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Although studies show that around three per cent of men are currently experiencing premature ejaculation, estimates suggest up to 30 per cent of men may be affected by it. Many men feel embarrassed to seek help for this condition, but it’s nothing to be ashamed or worried about – and it can be treated

What is premature ejaculation?

Premature ejaculation is when a man feels that he ejaculates too soon during sex.

A study looked at 500 couples from five different countries and found that sex tends to last around five and a half minutes. However, this is highly variable and depends on what the couple feels is satisfying for both partners. 

Any man can experience premature ejaculation at one time or another. When it happens regularly, it can have an impact on the couple's relationship.

What are the types of premature ejaculation?

For a small number of men, premature ejaculation can be lifelong (primary), where premature ejaculation has occurred since the start of sexual activity. Secondary premature ejaculation develops after the man has had a period of time without any instances occurring.  No matter how long you’ve been experiencing premature ejaculation, there are ways to treat the problem. 

What are the causes of premature ejaculation?

These can include:

• Medical causes, like thyroid conditions or prostate problems
• Psychological causes, such as depression, anxiety and stress
• Alcohol and recreational drug use

When should I see my GP?

Consider making an appointment with your GP if:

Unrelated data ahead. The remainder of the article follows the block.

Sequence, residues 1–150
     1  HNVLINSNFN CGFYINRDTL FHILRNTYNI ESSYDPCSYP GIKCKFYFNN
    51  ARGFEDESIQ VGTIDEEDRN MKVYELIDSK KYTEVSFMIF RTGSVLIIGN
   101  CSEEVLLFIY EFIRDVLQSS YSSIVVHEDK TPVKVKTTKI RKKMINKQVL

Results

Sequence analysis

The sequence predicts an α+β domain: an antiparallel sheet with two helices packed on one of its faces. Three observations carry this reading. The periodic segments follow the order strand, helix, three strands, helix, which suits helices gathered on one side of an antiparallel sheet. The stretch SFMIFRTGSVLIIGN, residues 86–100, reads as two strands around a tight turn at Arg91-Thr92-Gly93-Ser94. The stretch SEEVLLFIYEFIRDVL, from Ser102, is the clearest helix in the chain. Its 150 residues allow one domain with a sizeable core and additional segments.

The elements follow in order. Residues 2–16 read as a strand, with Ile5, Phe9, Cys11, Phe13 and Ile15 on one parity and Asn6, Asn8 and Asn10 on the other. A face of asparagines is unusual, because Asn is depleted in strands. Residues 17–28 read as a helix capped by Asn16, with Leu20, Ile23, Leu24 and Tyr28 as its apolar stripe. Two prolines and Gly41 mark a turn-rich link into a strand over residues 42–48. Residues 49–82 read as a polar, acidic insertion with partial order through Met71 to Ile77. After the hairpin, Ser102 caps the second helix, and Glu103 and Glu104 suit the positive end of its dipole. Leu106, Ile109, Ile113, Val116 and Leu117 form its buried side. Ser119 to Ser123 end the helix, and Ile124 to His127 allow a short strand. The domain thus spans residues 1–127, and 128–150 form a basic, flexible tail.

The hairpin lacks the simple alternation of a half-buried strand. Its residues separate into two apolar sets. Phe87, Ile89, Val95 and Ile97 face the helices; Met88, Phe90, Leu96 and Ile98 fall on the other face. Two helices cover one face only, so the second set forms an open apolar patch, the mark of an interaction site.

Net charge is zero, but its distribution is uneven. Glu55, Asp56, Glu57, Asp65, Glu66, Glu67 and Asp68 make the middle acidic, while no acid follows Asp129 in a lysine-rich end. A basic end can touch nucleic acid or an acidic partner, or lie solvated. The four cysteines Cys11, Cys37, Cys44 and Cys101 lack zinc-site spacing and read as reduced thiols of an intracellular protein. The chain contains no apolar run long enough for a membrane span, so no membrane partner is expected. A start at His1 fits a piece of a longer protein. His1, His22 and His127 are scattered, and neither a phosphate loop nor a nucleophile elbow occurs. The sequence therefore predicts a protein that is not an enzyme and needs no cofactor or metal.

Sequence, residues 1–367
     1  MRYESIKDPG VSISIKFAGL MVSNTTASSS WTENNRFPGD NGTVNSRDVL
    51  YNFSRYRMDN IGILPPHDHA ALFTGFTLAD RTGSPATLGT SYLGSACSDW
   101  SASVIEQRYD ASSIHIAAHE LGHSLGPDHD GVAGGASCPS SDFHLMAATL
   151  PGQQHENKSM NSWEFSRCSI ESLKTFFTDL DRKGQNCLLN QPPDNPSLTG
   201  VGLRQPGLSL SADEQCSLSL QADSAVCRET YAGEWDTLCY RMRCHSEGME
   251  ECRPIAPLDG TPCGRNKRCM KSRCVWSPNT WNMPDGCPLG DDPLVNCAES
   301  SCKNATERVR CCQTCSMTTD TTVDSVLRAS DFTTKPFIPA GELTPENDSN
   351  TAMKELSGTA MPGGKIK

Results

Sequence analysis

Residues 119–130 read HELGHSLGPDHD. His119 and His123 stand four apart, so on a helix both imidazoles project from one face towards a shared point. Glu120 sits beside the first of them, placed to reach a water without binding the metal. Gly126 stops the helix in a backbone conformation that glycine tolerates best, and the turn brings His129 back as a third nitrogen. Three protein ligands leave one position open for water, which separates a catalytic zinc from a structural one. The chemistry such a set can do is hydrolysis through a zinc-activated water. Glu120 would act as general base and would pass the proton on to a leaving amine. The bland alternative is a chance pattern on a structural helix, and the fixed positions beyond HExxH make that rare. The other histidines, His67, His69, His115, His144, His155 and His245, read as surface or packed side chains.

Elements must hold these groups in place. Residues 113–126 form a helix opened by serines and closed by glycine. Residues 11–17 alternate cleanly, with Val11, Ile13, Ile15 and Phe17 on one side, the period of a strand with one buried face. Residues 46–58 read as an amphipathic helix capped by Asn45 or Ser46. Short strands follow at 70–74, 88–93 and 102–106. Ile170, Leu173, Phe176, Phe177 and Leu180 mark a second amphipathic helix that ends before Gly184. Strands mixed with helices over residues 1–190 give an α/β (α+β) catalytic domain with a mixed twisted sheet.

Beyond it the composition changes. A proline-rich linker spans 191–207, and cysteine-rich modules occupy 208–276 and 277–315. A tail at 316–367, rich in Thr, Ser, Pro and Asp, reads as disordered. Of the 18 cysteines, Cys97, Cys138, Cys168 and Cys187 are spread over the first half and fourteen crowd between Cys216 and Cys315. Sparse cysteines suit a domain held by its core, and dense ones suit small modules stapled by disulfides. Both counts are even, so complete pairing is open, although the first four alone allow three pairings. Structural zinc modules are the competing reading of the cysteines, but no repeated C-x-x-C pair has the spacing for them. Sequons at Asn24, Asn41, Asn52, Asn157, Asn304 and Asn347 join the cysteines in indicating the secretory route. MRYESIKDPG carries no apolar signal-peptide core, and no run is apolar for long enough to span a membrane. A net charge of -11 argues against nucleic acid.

• You're worried you may have premature ejaculation or you feel upset about experiencing premature ejaculation
• You think your symptoms may stem from a physical condition or a medicine you're taking
• Your premature ejaculation is causing tension in your relationship with your partner

It's important to go to your GP so they can rule out or diagnose an underlying physical condition that may be causing your premature ejaculation. Your GP will be able to assess you and may run some tests to check if your symptoms are due to a medical condition. If needed, you'll receive the appropriate treatment. Treating any underlying physical condition should help resolve premature ejaculation. 

Psychological causes like anxiety and depression can often be effectively managed, either with medicines prescribed by your GP, with talking therapy or a combination of both. There are also self-management techniques you can try at home. You're likely to see an improvement in symptoms once the underlying condition is well controlled.

Speak to your GP if you need help to reduce your alcohol intake or to stop taking recreational drugs. This can help to reduce your premature ejaculation symptoms, as well as being likely to improve your overall health and wellbeing. 

How can I manage symptoms myself?

Wear a condom

This can help men who have a particularly sensitive penis. You may be able to find thicker condoms or condoms with local anaesthetic, both can help to reduce sensitivity. Your pharmacist will be able to advise you about the most suitable condom option for you.

Take a deep breath if you feel you're about to ejaculate

This is a reflex that can temporarily halt the progression of your climax.

Stop for a short moment during sex

This can help to clear your head. Try thinking of something completely different to help put off ejaculation.

Avoid having long periods of time between sexual activity